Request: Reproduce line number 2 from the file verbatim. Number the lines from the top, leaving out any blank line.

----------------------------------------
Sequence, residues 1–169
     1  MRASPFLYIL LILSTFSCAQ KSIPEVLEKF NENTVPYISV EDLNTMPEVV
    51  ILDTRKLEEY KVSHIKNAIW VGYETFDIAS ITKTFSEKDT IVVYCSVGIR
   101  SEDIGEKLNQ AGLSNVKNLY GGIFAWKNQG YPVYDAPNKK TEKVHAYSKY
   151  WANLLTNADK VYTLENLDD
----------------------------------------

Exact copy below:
     1  MRASPFLYIL LILSTFSCAQ KSIPEVLEKF NENTVPYISV EDLNTMPEVV